About 60 people gathered in the Lewiston Senior Center on Wednesday night for a public meeting about the ongoing investigation of environmental contamination on former federal weapons sites in Lewiston and Porter.
The format of the meeting included several presentations by staff and contractors for the Army Corps of Engineers, the regulators responsible for the former Lake Ontario Ordnance Works and the Niagara Falls Storage Site. Members of the public were also permitted to ask questions during an open roundtable.
The 7,500-acre site was purchased by the federal government in the early 1940s to construct a explosives plant manufacturing trinitrotoluene, or TNT. It had other uses once the TNT plant closed nine months after it opened. The storage site, a 191-acre area, includes a 10-acre cell that holds radiological waste.
It was the third quarterly meeting held this year on the inquiry into chemical and radiological contamination at the site, once home to various Department of War operations and which also played a role in the Manhattan Project.
The meetings are meant to fulfill the requirements of federal law for public participation in environmental cleanups.
This format, however, has been criticized by a volunteer panel of area residents with technical expertise for failing to allow for real dialogue with community members.
The LOOW Restoration Advisory Board, the status of which has been diminished by the agency, had been engaged in technical review and previously got access to agency data and its experts.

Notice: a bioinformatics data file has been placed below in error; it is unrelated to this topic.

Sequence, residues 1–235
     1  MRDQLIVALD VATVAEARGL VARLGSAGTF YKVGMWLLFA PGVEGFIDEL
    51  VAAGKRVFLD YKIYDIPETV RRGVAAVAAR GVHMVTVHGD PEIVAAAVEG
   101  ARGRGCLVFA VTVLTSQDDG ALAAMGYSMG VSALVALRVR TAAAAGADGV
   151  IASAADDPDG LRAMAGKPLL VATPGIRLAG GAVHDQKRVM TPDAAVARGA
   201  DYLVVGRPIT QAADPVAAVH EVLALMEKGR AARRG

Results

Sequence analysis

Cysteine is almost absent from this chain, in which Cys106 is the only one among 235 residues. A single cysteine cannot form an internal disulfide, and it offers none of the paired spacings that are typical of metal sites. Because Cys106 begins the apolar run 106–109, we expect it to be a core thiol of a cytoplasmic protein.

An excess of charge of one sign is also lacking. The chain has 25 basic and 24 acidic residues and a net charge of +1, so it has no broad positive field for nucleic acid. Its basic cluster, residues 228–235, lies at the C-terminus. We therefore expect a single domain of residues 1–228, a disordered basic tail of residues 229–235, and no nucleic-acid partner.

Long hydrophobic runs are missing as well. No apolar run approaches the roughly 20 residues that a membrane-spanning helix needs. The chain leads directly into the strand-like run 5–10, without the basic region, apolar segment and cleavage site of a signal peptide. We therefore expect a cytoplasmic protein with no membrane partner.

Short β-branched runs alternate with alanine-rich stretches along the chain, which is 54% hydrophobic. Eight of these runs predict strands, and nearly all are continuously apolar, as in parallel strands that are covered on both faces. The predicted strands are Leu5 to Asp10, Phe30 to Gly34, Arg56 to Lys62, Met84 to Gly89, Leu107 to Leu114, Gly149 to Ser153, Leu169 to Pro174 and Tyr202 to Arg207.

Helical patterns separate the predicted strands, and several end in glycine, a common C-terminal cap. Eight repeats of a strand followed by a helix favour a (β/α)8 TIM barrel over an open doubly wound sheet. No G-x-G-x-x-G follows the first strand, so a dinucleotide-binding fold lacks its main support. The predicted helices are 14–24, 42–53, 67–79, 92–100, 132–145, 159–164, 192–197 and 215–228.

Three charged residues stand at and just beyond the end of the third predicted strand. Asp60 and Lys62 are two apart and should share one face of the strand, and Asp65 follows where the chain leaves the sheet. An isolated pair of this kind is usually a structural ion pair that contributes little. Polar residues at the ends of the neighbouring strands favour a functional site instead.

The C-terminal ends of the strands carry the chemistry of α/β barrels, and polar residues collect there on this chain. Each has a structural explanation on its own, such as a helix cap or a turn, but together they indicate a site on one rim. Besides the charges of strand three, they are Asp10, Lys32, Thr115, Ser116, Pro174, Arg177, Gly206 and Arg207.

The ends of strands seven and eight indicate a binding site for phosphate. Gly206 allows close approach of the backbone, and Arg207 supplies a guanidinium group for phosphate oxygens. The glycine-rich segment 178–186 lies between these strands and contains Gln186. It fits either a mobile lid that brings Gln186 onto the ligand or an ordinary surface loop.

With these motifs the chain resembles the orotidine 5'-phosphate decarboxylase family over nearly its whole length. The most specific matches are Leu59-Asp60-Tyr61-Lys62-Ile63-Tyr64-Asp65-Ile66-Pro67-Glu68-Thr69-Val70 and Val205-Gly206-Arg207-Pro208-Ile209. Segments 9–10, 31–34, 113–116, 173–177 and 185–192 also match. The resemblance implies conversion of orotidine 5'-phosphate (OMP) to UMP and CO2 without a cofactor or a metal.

Many of those in attendance were employees of various local, state and federal agencies, as well as elected representatives.
Village of Youngstown Mayor Neil C. Riordan asked the corps officials if there had been any progress in regaining official recognition for the group.
"It's critical to all of us," Riordan told corps representatives.
Bill Kowalewski, special projects branch chief for the corps' Buffalo district, said the issue is being handled above the local agency level. Kowalewski reported there has been no movement on the issue locally.
Corps officials said the next meeting has tentatively been scheduled for early December.
Many of the questions asked of the agency Wednesday night involved schedules for future work.
The corps provided details about its plan to group 550 parcels into 33 subsections based on type of activity that occurred on them. The entire site, which consisted of both the "developed" and "undeveloped" areas, comprised about 7,500 acres.
There was also discussion about plans to demolish a structure known as Building 401, which sits on the Niagara Falls Storage Site.
The agency wants to knock the building down in order to access contaminated pipelines beneath it, said Michelle Rhodes, acting project manager for the corps.
The Corps of Engineers has received federal stimulus dollars for the project, and may award a contract as early as January, said Kent Johnson, of the state Department of Environmental Conservation.
Former Lewiston Town Councilman D. James Langlois expressed his support for having the building destroyed.